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APWU Web News Articles

Don’t Let Congress Run Out the Clock on Overtime

Web News Article #: 
055-2016

03/04/2016 - The APWU is asking union members to sign a petition sponsored by the AFL-CIO that calls on President Obama and the Department of Labor to move quickly to implement a new overtime rule that will increase workers' pay.

Millions of Americans have been working overtime but not getting paid for it. Currently, only employees who earn $23,660 or less automatically qualify for overtime pay; salaried workers who earn more than that don’t receive overtime pay if they are classified as executives, administrators or professionals. The exemption has motivated employers to misclassify employees to avoid paying billions of dollars in overtime.

“Although the rule will not change how APWU members are paid, the new mandate will have a significant impact on our neighbors and our communities,” said APWU Human Relations Director Sue Carney.

Under the new rule, all salaried workers, regardless of their job titles or duties, will be eligible for overtime pay if they earn $50,440 or less. The new threshold will have the biggest impact on administrative and office workers and employees who work in leisure, hospitality, service and trade industries. According to American Prospect, the change will be especially beneficial to women, minorities, and less-educated workers – who historically have had much less bargaining power to improve their working conditions.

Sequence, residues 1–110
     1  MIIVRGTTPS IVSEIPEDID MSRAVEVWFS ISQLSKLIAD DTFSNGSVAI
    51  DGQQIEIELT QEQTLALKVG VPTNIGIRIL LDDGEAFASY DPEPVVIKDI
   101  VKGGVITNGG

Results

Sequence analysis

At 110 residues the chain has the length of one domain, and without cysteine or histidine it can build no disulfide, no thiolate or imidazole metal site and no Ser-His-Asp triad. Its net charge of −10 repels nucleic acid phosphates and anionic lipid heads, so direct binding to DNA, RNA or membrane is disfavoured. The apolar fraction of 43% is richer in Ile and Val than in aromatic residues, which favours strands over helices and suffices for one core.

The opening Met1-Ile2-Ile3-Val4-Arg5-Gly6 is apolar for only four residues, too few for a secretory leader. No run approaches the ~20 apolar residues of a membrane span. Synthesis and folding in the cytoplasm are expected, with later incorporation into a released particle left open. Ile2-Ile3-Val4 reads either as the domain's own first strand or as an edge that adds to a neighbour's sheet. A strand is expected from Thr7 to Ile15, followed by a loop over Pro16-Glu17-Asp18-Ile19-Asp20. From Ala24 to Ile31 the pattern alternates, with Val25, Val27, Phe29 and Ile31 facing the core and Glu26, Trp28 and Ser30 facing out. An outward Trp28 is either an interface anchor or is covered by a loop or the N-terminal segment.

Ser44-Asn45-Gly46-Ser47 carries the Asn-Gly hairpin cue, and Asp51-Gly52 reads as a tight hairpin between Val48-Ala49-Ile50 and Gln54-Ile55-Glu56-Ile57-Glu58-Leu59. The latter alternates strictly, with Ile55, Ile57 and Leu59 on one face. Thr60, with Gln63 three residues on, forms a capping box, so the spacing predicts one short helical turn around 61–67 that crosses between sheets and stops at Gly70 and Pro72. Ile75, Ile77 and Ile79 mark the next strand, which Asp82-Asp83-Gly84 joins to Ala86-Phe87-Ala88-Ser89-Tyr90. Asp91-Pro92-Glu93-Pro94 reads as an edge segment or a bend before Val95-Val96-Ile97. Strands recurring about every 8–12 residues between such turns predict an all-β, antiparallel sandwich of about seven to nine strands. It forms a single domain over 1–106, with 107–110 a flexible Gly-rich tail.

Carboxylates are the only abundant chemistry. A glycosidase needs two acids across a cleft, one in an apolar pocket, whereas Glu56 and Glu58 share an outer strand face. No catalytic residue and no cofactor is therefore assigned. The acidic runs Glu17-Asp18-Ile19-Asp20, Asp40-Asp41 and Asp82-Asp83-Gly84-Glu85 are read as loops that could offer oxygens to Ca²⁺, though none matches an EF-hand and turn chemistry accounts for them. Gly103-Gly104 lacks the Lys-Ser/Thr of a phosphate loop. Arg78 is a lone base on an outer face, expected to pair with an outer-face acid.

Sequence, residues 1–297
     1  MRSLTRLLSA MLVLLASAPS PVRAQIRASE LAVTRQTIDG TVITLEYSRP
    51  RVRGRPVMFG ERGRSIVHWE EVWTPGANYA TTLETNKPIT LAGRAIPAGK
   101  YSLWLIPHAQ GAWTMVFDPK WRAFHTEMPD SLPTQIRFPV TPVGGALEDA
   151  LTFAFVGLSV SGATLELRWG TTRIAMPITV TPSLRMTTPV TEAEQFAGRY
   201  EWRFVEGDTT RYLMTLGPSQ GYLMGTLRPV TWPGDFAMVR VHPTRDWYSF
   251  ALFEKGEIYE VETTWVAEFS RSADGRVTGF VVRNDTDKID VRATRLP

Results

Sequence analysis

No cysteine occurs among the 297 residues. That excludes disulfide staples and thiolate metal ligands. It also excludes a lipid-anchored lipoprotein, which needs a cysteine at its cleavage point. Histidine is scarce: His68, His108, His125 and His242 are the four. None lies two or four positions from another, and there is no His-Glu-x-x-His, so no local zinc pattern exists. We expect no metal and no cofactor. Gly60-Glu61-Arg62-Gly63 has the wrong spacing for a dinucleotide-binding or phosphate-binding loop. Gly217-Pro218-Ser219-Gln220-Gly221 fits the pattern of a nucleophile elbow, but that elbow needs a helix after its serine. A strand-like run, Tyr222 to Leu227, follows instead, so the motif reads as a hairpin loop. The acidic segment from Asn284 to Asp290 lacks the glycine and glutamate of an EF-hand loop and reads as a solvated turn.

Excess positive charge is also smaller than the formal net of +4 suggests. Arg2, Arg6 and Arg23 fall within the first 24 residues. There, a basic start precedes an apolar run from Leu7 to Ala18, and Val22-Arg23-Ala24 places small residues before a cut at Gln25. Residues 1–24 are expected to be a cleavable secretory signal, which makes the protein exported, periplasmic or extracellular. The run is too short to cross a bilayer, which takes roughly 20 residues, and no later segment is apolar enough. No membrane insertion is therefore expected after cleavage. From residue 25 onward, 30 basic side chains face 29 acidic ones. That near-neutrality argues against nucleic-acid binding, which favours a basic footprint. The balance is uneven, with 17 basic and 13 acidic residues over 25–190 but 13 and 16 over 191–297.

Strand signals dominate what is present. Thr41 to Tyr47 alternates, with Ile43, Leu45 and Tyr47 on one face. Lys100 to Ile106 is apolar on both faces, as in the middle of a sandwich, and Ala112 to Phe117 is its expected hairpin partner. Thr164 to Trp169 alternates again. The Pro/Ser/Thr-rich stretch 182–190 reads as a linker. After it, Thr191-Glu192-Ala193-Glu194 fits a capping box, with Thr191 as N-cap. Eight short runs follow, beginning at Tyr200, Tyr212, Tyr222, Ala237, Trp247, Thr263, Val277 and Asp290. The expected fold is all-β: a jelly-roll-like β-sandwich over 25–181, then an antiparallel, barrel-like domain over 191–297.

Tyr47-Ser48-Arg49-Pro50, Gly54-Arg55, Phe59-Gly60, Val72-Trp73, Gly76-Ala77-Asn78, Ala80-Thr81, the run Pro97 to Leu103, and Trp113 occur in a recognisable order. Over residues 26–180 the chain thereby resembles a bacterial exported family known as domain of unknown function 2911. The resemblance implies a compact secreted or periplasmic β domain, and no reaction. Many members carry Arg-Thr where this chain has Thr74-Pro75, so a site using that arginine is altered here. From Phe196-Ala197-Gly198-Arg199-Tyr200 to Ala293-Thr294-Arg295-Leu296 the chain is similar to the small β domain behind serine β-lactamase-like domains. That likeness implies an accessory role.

But there are some in Congress who would rather run down the clock in order to steal this victory for working families. The Congressional Review Act dictates that all major rules are delayed for 60 legislative days after they are submitted to Congress and are subject to a “fast track” process for repeal. If President Obama and the Department of Labor don’t finalize the rule and act soon, Congress is likely to reverse this critical protection for millions of working families.

Twenty-four senators, including Bernie Sanders (I-VT), Elizabeth Warren (D-MA), and Al Franken (D-MN) recently sent a letter to Secretary of Labor Thomas Perez requesting he issue the final rule as soon as possible – extending overtime protections to millions of workers for the first time in decades, Politico reported.

The new rule would benefit 13.5 million workers. It would grant overtime rights to an estimated 5.2 million workers and make it more difficult for employers to deny overtime compensation to another 8.3 million workers who are already eligible.

“The labor movement has a responsibility to be a voice for all workers,” said APWU President Mark Dimondstein.  “We need to make sure the rule is implemented before President Obama leaves office or we risk losing these protections altogether.”